14

"Please don't get angry," I throw out as a preemptive sally, even though it feels a bit like chucking an ice cube into the path of a forest fire.

What does it mean here?

  • "They say love is all but pointless in madness such as this, / it's like trying to stop a fire with the moisture from a kiss!" -- The Change, Garth Brooks – Mason Wheeler Nov 16 '15 at 22:12
17

... feels a bit like chucking an ice cube into the path of a forest fire.

  • feels a bit like frequently means a figure of speech follows.
  • chucking means throwing, but suggests lack of precision. So it would mean throwing something in a general direction with no specific target.
  • an ice cube into the path of a forest fire. Presumably one would do this to extinguish a fire, but a forest fire has so much energy that it will melt the ice cube and boil away the water with barely any delay.

The effort of extinguishing a forest fire with an ice cube will have no effectiveness. It might feel that the thrower has contributed something, but it is so minor as to be only symbolic.

12

This quotation is using a metaphor. (Specifically, it uses a simile. A simile is a metaphor that uses "like" or "as" to compare things.)

A forest fire "rages". It is huge, and dangerous. It can be "contained" by major interventions (such as back-burning, or dumping huge loads of water or foam).

A tiny fire (like a candle wick) can be put out by dropping an ice cube on it. Dropping an ice cube on a grease fire is likely to make it worse. Chucking (throwing) an ice cube at a forest fire is likely to make a tiny sizzle, but otherwise have no effect.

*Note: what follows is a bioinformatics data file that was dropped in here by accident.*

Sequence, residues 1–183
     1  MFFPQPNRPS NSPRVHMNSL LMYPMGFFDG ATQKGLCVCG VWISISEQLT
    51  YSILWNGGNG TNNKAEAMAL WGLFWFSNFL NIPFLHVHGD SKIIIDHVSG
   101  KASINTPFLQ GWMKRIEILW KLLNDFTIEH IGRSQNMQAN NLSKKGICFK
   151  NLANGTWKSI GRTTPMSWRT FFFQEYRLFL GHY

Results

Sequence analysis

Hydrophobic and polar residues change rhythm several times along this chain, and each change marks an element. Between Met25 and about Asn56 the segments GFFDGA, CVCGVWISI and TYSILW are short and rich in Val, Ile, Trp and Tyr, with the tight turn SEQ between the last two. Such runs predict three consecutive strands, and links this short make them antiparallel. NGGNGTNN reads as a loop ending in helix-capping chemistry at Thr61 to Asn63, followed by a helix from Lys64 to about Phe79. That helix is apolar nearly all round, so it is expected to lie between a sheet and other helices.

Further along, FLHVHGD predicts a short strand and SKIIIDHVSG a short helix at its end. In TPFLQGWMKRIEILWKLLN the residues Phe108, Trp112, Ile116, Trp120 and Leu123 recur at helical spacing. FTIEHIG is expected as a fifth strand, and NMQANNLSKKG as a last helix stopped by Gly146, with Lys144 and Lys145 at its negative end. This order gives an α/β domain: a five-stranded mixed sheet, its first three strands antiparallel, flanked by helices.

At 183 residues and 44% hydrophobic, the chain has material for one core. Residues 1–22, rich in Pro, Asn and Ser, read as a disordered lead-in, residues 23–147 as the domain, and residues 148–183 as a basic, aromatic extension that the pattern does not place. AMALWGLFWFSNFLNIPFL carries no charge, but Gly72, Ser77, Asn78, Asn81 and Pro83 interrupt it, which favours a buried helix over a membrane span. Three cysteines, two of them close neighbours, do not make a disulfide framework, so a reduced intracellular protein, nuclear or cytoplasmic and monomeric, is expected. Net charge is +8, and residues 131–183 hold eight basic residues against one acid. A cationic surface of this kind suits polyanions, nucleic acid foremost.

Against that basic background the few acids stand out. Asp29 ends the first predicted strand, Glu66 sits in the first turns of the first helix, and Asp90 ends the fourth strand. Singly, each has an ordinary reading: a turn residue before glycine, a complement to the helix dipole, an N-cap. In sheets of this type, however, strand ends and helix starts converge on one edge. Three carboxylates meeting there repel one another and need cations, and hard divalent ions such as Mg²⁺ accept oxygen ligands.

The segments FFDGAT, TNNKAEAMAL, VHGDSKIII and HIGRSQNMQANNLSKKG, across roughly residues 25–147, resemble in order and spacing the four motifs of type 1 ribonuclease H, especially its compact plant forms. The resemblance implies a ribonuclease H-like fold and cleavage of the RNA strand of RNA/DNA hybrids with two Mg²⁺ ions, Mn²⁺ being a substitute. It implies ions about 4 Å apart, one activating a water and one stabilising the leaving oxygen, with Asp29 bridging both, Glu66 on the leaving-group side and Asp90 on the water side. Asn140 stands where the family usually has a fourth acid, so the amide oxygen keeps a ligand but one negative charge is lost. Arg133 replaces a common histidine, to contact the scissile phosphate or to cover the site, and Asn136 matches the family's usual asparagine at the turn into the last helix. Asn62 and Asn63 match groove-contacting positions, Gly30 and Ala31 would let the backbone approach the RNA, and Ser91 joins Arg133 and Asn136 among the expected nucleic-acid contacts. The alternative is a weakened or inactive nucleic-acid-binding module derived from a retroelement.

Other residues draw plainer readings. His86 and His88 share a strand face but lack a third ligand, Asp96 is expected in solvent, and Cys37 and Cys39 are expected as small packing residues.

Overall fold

The author is saying that once the other person gets angry, their rage is very difficult to control. Saying "Please don't get angry" is very unlikely to prevent them from raging out of control.

  • 3
    +1 But it's the explicitly comparative form of metaphor called a simile – StoneyB on hiatus Nov 15 '15 at 20:32
  • 6
    Why bring up a grease fire when it has nothing to do with the question? There are lots and lots of fires made worse, or not improved, by an ice cube. – KRyan Nov 16 '15 at 2:00
  • @KRyan -- Some brush fires are effectively grease fires. Burning manzanita shrubberies smell like burning gasoline. – Jasper Nov 16 '15 at 6:27
  • @StoneyB I was always told metaphors and similies were distinct entities. – Pharap Nov 17 '15 at 9:24
5

The equivalent from Iceland is "Pissing on a lava flow."

Which is to say, to try to slow down a natural disaster with utterly inadequate means.

  • 6
    Could you explain the similarity? Someone who doesn't understand the original sentence likely wouldn't understand this either. – Andrew Lott Nov 16 '15 at 0:21
3

chucking an ice cube into the path of a forest fire

means "doing something that will make absolutely no difference to the situation"

A more common way of phrasing it is "throwing a snowball into the fires of hell"

An ice cube contains a very small amount of cold water. A forest fire contains a vast quantity of hot flame.

If you were to chuck (throw) an ice cube into a forest fire, it would have no effect on the forest fire. The ice cube would be completely destroyed in moments.

  • I have heard "A snowballs chance in hell" before but not throwing a snowball, i like it. – Spaceman Nov 17 '15 at 1:51

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